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You may not have seen Paul Blanche-Horgan, but he and his employees may well have seen you. As CEO of Ezecom, he is the man responsible for establishing numerous traffic and security cameras across Phnom Penh, a road-safety initiative that recently attracted the attention of Prime Minister Hun Sen.

To date there are 12 traffic and security cameras situated at Phnom Penh’s main arteries. They have been in place for almost two years and have been shown live on TV news programmes. The cameras themselves are operated from a central ‘command centre’ at Ezecom’s offices where they are monitored. The installation and operating costs of the cameras runs into tens of thousands of dollars including the fibre-optic connectivity and monitoring equipment. Dozens more traffic and security cameras are expected to be in place by the end of 2012.

However, anyone familiar with Cambodia’s internet providers may know Blanche-Horgan better as the man who helped pioneer and develop the country’s communications industry more than two decades ago. “We were the first to commercially introduce the internet to Cambodia,” says Blanche-Horgan, thinking back to his days with Telstra in 1997. “In those days there were only about 15,000 computers in the whole country. Nevertheless, the internet was essential. Without it, companies would not have been able to operate and development would have been stunted.”

Since that time, Cambodia’s communications sector has grown considerably. According to Blanche-Horgan there are now approximately 500,000 internet users – not including 3G mobile users – a number that is expected to grow by at least 200% per year for the next three years. According to the Englishman, the broadband industry as a whole is expected to be worth $1.5 billion by 2015.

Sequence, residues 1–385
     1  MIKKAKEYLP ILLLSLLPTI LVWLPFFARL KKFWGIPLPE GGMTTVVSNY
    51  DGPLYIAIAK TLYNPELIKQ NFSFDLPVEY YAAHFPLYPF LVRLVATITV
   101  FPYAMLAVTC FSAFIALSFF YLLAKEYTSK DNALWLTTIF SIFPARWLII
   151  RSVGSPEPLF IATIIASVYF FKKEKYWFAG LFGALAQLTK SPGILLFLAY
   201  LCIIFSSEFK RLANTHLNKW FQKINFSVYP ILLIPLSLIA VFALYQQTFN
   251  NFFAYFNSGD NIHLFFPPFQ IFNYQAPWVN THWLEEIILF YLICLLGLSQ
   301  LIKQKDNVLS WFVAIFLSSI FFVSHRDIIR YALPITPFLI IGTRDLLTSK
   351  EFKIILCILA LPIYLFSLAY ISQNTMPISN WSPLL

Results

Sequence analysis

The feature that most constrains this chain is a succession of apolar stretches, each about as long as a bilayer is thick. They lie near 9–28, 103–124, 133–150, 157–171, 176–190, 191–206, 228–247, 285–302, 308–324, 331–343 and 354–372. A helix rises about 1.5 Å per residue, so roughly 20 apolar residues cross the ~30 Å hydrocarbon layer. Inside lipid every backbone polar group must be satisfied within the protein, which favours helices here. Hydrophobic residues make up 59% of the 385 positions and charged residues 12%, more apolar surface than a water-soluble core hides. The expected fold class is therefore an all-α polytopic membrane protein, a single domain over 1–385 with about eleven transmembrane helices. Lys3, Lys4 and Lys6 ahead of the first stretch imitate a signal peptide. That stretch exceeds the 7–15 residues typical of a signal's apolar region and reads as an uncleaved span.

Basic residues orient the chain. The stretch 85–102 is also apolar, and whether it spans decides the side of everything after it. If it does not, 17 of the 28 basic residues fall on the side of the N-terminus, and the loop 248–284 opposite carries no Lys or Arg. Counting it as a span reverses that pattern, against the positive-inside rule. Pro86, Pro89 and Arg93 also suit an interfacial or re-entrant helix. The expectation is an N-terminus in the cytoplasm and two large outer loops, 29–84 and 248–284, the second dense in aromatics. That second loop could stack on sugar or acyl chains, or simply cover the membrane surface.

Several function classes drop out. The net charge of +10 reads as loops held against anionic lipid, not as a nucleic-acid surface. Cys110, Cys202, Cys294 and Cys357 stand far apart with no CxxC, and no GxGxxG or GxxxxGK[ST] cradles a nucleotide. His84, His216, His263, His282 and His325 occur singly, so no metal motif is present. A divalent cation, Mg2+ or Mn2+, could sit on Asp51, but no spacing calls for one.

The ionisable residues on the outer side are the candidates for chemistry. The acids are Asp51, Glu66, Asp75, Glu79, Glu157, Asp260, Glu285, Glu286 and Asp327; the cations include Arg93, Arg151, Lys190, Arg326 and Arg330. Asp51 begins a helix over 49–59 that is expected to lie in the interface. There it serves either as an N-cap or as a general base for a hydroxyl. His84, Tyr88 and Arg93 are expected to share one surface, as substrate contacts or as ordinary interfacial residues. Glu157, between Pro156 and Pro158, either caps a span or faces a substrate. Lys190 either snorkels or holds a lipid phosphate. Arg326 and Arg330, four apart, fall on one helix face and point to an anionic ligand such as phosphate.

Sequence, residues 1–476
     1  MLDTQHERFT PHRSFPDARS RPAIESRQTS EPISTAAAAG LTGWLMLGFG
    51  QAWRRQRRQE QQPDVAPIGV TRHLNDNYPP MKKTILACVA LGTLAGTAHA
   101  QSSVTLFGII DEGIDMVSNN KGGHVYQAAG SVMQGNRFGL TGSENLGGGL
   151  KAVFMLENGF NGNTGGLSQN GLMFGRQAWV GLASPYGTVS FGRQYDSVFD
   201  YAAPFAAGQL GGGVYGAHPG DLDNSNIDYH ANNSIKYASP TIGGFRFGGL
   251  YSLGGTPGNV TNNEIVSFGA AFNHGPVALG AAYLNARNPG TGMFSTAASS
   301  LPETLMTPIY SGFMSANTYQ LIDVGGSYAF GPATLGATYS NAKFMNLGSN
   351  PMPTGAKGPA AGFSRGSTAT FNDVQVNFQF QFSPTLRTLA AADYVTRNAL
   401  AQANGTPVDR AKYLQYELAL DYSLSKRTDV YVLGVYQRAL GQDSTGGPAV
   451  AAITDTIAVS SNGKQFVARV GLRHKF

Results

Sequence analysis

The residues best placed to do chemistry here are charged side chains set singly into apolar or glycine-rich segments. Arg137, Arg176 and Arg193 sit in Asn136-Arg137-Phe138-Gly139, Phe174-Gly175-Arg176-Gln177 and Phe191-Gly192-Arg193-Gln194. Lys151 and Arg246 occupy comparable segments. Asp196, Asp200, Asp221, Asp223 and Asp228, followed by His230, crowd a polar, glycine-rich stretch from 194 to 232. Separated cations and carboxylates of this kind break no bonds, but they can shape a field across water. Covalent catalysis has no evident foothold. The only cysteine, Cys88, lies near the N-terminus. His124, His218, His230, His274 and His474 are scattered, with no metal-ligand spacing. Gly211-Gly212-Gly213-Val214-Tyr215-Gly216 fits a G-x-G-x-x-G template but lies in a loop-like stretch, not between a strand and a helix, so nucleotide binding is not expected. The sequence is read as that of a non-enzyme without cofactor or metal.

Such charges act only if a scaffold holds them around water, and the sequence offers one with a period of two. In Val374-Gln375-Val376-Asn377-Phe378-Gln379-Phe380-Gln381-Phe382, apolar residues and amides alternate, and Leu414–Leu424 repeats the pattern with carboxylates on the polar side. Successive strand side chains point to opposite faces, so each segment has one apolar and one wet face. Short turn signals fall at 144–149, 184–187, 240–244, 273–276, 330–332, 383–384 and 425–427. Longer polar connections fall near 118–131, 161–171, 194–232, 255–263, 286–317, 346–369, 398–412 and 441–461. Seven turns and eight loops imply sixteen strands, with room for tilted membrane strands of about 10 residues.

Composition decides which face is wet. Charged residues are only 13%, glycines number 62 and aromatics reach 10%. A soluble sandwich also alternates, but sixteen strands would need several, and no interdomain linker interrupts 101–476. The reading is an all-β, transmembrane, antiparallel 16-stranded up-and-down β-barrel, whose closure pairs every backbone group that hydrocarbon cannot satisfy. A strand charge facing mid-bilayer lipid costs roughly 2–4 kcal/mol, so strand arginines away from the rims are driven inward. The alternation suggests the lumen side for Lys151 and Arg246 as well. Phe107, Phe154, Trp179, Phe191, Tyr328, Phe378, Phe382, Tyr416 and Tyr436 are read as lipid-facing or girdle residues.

" A big pillar of the 2015 Asean Economic Community will be IT and communications"

"The year 2015 could be an interesting milestone. It is the year when Asean plans to launch its Asean Economic Community. A big pillar of that community will be IT and communications."

 

Cambodia's geographic position at the heart of Asean puts it in an ideal position to benefit from the organisation's ICT (information and communications technology) Masterplan 2015, which includes provisions for an Asean-wide ‘broadband corridor’ as well as initiatives to develop ICT infrastructure and resources among Asean member states, he says.

In the meantime, Blanche-Horgan wants Ezecom’s nationwide fibre-optic network of 5,000km to further the country’s development. He plans to use the fibre optics at his disposal to provide educational opportunities to some of Cambodia’s far-flung provinces, and he is also investigating how the network can help some of the country’s rural hospitals.

"We are already discussing distance-learning facilities for schools, and we want to investigate the possibility of providing video conferencing for clinics and hospitals," says Blanche-Horgan. However, for now he is happy to be part of an industry helping provide the all-essential communication infrastructure that keeps Cambodia's companies 'ticking' and attracts new business.

"When it comes to IT infrastructure, Cambodia is really only just getting started. And as such, in some cases the networks and equipment being installed are more modern than those of other countries in the region. This will ultimately help Cambodia to attract more and more businesses to the country.

"What businesses want is reliability and reach," Blanche-Horgan says. "And that we can provide. We are connected by fibre to Thailand, Vietnam and Laos, and we are connected to the world via the Asian American Gateway and other major worldwide cables. That means that almost anyone from any country can come and do business in Cambodia."

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By Greg Castell

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